Tuesday, May 28, 2013

Hang em High Part II--Getting the Motors Out of the Water.

Dragging the motors is slow. Worse, keeping them wet is a great way to speed corrosion, the most common cause of death in outboards. The original motors tipped up nicely and lower nicely with latches and lines. Well, until the latch mechanism corroded up tight. But they still went up and down with lines easily enough, lifting clear of the water and held fully down by a sea belt strap.

My new motors latch up and down nicely. Yes, I have to lift the seats, but I've made no effort to convert them to the original line system. The new motors have a manual choke that I need to set, I like to see the water stream, it makes me double check the lock, and it encourages me to check the oil more often. The only problem is that if I pull them full up and they latch, there is no room to insert your hand to release the latch? Even worse, sometimes they are so tight that there is no slack to release the catch and they cannot be lowered without considerable effort, time, shoving and bruising. I spent a season trying to pull them "Just" short of latching, but then they often touched the water even at anchor. Not good. PDQ seems to have good dimensional quality control; the fit problem was identical on both sides.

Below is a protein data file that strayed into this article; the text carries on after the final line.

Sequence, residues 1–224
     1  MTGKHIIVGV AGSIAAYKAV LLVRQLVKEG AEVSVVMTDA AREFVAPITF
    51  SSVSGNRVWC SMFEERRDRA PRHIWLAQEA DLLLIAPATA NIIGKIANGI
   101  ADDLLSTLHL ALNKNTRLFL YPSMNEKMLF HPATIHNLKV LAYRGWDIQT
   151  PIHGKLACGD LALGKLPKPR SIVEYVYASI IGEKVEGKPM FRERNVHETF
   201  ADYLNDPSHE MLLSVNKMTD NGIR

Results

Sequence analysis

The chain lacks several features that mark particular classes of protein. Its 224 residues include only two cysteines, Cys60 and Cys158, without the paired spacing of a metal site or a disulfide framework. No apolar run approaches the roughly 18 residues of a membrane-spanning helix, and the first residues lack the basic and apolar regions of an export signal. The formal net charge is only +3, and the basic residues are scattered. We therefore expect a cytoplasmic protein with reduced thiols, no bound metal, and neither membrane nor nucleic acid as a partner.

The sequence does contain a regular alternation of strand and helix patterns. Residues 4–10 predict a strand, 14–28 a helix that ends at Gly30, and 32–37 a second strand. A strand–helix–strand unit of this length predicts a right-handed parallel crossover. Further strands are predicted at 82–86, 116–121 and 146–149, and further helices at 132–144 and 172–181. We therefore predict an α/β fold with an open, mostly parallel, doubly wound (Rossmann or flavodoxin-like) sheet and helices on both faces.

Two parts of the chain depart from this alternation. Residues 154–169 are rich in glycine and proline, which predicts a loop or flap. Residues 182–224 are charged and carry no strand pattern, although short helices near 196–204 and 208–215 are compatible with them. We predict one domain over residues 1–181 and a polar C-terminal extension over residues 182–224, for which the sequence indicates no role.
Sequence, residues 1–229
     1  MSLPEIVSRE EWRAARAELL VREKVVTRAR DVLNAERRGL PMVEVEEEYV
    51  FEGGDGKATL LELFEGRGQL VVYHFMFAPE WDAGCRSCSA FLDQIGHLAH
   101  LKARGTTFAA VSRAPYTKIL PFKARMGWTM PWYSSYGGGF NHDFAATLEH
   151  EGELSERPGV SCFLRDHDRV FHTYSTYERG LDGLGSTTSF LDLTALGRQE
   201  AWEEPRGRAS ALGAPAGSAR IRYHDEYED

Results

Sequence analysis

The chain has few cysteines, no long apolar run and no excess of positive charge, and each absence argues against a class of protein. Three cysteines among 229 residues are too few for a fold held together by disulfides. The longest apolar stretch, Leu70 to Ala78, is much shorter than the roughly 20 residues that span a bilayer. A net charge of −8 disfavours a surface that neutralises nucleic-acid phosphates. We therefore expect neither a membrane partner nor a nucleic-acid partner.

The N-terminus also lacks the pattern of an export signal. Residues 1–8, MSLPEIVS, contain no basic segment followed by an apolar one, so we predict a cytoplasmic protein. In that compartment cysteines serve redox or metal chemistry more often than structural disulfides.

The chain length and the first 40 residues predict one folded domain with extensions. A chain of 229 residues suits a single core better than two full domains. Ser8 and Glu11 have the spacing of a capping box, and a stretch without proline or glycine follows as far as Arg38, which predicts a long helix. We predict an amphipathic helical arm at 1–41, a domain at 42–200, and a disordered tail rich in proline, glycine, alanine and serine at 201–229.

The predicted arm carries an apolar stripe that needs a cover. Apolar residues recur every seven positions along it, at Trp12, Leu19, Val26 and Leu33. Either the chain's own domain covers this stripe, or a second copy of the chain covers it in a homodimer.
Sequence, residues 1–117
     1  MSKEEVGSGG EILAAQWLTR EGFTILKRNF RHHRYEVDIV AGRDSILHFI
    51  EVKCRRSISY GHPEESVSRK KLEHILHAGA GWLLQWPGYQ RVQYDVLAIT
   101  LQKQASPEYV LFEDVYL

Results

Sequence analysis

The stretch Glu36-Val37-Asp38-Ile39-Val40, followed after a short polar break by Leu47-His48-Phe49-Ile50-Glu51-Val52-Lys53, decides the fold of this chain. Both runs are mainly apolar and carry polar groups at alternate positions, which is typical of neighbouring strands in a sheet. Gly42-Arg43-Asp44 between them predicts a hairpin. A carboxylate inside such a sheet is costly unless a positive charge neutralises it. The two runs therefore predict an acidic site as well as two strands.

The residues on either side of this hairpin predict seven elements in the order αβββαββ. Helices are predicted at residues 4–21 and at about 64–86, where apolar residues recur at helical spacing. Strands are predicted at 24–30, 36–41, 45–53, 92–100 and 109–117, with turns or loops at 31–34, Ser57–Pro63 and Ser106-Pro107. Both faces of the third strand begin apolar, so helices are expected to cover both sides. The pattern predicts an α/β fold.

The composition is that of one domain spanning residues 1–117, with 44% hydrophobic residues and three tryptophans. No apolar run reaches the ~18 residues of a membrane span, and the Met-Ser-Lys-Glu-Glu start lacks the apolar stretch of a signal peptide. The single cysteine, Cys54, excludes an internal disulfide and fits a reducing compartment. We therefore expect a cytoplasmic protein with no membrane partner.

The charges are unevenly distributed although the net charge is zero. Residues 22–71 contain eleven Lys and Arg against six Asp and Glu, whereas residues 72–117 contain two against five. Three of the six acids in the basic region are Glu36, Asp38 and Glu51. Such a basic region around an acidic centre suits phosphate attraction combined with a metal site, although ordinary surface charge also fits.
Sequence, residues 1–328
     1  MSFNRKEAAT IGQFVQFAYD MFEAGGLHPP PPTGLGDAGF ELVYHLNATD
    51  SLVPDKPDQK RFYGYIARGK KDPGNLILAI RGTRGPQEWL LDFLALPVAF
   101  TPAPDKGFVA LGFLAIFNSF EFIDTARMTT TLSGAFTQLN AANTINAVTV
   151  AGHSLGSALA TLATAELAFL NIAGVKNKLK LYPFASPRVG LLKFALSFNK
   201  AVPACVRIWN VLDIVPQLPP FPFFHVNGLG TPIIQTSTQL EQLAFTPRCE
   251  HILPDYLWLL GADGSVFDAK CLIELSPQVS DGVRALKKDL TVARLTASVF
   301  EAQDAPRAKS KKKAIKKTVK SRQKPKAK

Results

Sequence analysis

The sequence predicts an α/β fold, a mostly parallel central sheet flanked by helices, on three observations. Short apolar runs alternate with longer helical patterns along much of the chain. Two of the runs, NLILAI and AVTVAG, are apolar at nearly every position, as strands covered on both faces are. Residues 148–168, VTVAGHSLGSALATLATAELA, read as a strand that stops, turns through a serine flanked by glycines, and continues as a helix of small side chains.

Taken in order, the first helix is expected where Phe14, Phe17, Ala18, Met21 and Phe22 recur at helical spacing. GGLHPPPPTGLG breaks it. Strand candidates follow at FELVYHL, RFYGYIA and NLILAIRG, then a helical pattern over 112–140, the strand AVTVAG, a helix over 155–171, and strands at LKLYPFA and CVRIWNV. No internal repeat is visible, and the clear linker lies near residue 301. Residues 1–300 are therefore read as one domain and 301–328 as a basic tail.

Some friend suggested wedging the transom to change the latch angle. workable, but that wouldn't get the lower unit fully out of the water. I like it pulled up tight to the hull.

A little trimming was the answer. First some rough cuts with a hole saw and saber saw, then some finishing with an angle grinder. Finally, several coats of epoxy to seal the wood. Yes, wood. The PDQ has an odd mix of solid glass (winch mounts and below the water line), foam (decks and cabin top), balsa (interior bulkheads), and ply (interior equipment mounts, engine mounts) as core, each employed where it was best for the job.

Nice and high now.


  1. When it comes time to swap our engines perhaps we'll need to fly you down to assist with this job!


  2. Just was this post, I installed new engines and last week, I did the same thing you did, the cutting was easy with a Milwaukee 3/4" Multi-Tool Blade. Also, I found a trick to having them not latch when they are raised, so I do not have to reach below and release the latch each time I lower the engines. When I raise the engine (when sails are up or when I am back at the dock for the night), I lower the lever to release the lock, then I only raise the engine a few inches. Then I lift the lever and it will not latch when the engine is raised. This way, it will lower immediately without touching the lever next time it needs to go in the water.